This Monday was an exciting day for us. We started "Pre-K"! Not long after Bridget was born, I decided that I was going to be a homeschool mom. I have no experience with homeschool whatsoever. I attended a public elementary school, a private (Catholic) junior high + two years of senior high, and two years of public high school. But I knew that this was wanted to do with Bridget. I gave it a lot of thought, crammed my lesson plans in at the last minute, and the first day of school came too soon.
Side note: According to North Carolina law, Bridget would not be starting kindergarten until she's almost 6 years old (so Pre-K when she's almost 5). She was born at the very end of September and just missed the cutoff. However, I'm choosing to start her structured learning now because I feel that she is ready. As far as the testing the state requires in elementary school, we'll deal with that when it happens. If she has to take the tests a year later than I would like, then so be it. But I'm not going to waste precious time because the state thinks she's not ready.
I wanted Bridget to feel extra special on her big day, so I bought her a new backpack (with matching lunchbox) filled with new school supplies (crayons, markers, puzzles, pencils, and books). Bridget is a huge fan of Princess Sofia so I thought she would love to have the princess on her backpack. (She does!)

Next, Bridget did her morning chores (ate breakfast, made her bed, got dressed, brushed her hair and teeth, and went potty) and we were "off to school"! So that she doesn't feel left out of having the first day of school pictures taken, I gave her a little sign to hold and snapped away.
Showing off her new backpack:

Then we were off to school! Our homeschool area is the breakfast nook in our kitchen. We eat our meals at the dining table in the dining room, and I've chosen not to have two eating tables in my house because that's just... silly. So, we were able to free up a lot of square footage in our kitchen to accommodate our new learning environment.

For our first week of school, I decided to really see where Bridget's at with her learning. Obviously I have been teaching her random things throughout her life, but I wanted to know how much she really remembered.

After our morning prayer, the Pledge of Allegiance (I insist that she learn this... I hear they're not doing it in schools very much these days), and Article of Faith, we started off with science class. I felt the weather would be excellent to start off with. We discussed what the weather was, what it looked like outside that day (cloudy), we talked about the things we do and the things we wear according to what the weather is. She caught on very quickly and was able to circle all the correct items on the worksheets about the things you see on a snowy day, a sunny day, and a rainy day.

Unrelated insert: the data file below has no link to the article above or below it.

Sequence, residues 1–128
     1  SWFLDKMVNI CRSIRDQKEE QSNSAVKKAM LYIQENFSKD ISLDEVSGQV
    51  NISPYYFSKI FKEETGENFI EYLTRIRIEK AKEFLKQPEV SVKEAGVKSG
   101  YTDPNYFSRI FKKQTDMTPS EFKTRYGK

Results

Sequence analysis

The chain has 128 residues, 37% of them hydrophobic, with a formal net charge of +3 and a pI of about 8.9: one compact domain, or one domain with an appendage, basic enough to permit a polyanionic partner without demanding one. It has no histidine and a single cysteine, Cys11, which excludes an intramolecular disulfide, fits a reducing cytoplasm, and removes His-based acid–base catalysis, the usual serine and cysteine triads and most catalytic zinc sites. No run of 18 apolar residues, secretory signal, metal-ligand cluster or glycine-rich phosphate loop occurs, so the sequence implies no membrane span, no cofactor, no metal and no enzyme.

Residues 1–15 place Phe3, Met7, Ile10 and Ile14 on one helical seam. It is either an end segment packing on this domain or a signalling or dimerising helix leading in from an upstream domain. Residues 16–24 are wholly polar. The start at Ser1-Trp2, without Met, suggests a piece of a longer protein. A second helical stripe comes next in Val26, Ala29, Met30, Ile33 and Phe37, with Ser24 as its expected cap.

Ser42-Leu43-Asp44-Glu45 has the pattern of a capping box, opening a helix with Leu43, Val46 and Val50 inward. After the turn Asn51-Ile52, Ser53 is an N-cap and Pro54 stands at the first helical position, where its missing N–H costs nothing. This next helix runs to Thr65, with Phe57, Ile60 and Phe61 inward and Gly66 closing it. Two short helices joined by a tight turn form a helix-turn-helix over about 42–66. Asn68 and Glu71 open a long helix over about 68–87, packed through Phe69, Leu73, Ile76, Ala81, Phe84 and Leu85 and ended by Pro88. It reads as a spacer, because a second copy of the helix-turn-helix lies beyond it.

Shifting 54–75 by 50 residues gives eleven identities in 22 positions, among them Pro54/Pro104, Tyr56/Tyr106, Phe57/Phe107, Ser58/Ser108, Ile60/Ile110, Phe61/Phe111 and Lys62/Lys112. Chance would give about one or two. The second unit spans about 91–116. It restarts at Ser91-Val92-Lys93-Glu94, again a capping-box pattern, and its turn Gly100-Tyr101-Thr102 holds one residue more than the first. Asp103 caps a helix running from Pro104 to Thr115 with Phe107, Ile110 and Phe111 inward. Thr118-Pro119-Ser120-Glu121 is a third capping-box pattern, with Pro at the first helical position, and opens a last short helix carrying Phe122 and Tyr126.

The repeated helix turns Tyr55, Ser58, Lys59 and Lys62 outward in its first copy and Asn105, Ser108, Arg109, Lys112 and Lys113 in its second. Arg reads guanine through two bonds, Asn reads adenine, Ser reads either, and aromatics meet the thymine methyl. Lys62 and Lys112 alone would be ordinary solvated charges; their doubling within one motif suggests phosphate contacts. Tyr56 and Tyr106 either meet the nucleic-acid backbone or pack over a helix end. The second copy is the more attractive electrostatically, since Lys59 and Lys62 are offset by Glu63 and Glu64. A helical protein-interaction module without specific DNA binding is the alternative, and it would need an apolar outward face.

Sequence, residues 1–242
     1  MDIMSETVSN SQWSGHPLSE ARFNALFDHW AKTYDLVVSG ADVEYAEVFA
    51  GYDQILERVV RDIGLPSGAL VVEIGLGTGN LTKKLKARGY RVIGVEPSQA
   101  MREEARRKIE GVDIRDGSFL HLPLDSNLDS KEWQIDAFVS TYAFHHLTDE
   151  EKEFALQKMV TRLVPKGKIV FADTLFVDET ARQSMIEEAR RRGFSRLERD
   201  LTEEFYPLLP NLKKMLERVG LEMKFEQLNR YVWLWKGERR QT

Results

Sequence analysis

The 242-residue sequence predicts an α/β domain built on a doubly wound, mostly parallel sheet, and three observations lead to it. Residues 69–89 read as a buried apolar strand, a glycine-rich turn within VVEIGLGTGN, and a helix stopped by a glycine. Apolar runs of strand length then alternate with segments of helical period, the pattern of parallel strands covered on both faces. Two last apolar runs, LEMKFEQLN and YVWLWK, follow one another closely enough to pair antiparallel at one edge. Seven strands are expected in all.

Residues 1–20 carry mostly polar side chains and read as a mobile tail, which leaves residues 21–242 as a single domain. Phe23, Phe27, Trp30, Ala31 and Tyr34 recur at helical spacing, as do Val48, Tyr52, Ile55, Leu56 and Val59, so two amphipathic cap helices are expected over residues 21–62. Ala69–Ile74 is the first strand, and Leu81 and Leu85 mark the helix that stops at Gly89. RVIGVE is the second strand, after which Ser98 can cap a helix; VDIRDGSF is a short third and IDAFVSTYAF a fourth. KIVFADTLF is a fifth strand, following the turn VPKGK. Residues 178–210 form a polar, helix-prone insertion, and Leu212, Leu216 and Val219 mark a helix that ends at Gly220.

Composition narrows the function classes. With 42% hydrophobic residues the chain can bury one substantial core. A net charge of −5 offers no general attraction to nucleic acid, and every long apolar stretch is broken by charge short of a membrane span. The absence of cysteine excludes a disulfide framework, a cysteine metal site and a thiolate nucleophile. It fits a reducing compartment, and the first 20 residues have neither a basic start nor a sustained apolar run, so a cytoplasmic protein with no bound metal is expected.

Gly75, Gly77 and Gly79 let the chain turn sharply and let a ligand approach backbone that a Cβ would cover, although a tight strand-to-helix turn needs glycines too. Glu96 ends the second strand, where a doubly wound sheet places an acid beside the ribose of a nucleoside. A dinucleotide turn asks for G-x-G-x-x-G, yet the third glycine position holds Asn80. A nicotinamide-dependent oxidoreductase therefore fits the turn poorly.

Then we colored a picture about the weather. I wanted George to be included so he got a picture to color too.

After science, we learned a scripture story. I figured since this is the beginning of homeschool, we'd start off with the beginning of the Old Testament. We learned about the pre-existence and the war in heaven. After I told them (yes, them... George was there too) the story, we discussed it more and then watched a short video found on the church website. They both love to watch anything on my kindle, so this was a big hit!

Next, we had a snack and I put George down for his nap. Then it was time for some one-on-one learning. First we did some work on letters. I made flashcards of both upper case and lower case letters. She knows all of her upper case letters but I felt it'd be good to still practice those. She knew most of her lower case letters but would still get mixed up on "h" and "n", "a" and "u", and "b" and "d". After going through the flashcards a couple of times, she was getting much better.

Then was writing. I don't know if you noticed in one of the pictures above, but Bridget holds her pen with a fist. I've tried to correct her on this in the past but kept letting it go. Not this time. Here she is properly holding her pen as she practices some pre-writing skills:

It takes her a little bit to get the pen in her hand correctly before she starts writing, but just on the first day there was so much improvement. She did very well drawing her lines. I had worksheets for vertical, horizontal, diagonal, and curvy lines and circles. I was very impressed with her doing all of them especially with the new way she was holding her pen!